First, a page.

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Source: California Association of Realtors

Nevertheless, the lack of inventory remains an issue in Sonoma County, as it does throughout the rest of the Bay Area. Figure 3 illustrates the Unsold Inventory Index and shows that despite some oscillation over the last few years, inventory is stubbornly low at about three months and hasn’t moved much after dropping in 2012. At three months of supply, inventory is below the historical average of four months and certainly below the five-to-six months of supply that is considered a balanced market between buyers and sellers.

Figure 3: Unsold Inventory Index for Sonoma County

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Source: California Association of Realtors

Sonoma County buyers have, however, taken a breather, as noted in other recent analyses for the entire Bay Area. Buyer frenzy has also slowed, with the share of properties selling above list price declining for properties priced below $3 million. Keep in mind that only 1 percent of sales (or 28 sales in August 2016) were priced above $3 million. For the most affordable inventory, priced below $1 million, three in 10 homes sold above list price. Last year, half of the sales in the same group sold for more than list price. Figure 4 summarizes changes in sales over list price by price range and the average premium paid. The average premium remained at around 5 percent, although it dropped notably for more expensive homes. Lastly, it is encouraging that Sonoma’s absorption rates increased from last August, despite the general trend of falling absorption rates in other parts of the region. For example, for homes priced below $1 million, absorption rates increased from 37 percent to 41 percent in Sonoma County, while for the Bay Area, absorption rates in the same price range decreased from 38 percent to 37 percent.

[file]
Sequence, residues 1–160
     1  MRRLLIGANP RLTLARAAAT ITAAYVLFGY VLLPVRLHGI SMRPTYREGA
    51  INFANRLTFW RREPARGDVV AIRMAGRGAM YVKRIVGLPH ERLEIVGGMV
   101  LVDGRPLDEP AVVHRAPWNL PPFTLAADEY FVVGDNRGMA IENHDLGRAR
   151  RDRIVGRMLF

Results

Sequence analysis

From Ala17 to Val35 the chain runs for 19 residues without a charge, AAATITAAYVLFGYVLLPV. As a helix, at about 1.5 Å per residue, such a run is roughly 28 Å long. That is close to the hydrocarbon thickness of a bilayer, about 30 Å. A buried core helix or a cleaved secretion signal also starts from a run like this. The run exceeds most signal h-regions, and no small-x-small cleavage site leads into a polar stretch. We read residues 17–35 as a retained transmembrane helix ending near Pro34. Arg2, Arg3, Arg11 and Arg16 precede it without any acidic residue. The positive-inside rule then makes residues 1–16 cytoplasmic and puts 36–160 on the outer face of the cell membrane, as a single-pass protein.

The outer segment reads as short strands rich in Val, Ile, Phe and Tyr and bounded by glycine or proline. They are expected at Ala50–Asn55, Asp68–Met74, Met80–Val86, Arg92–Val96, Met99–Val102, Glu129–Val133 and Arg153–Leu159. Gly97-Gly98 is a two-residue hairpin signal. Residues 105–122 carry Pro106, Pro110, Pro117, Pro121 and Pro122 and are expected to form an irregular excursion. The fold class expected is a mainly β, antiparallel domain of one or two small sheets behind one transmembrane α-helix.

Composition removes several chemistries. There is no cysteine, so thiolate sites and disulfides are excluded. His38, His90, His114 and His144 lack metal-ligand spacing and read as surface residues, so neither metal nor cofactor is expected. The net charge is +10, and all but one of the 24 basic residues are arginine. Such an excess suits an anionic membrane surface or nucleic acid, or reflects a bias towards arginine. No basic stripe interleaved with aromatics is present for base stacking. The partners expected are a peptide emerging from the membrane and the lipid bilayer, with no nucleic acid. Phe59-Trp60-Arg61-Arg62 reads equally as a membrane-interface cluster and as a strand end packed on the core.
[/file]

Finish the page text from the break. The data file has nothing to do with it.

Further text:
So what does that all mean for Sonoma County’s real estate market in the months ahead?

Sonoma’s relatively affordability will continue to drive demand, but stubbornly low inventory will prevent any notable increase in sales. By the same token, home prices will continue to rise and may reach the last cyclical median of $650,000. In addition, similar to the rest of the Bay Area, Sonoma County seriously lacks new construction. Based on an analysis by John Burns Real Estate Consulting, the ratio of demand to supply is at 9.49, which suggests that roughly for each 10 jobs added in the county, only one new housing unit is built. Unless more new units are added in Sonoma County, demand will lead to falling affordability.

Figure 4: Market competition in Sonoma County

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Source: Terradatum

Selma Hepp is Pacific Union’s Chief Economist and Vice President of Business Intelligence. Her previous positions include Chief Economist at Trulia, senior economist for the California Association of Realtors, and economist and manager of public policy and homeownership at the National Association of Realtors. She holds a Master of Arts in Economics from the State University of New York (SUNY), Buffalo, and a Ph.D. in Urban and Regional Planning and Design from the University of Maryland.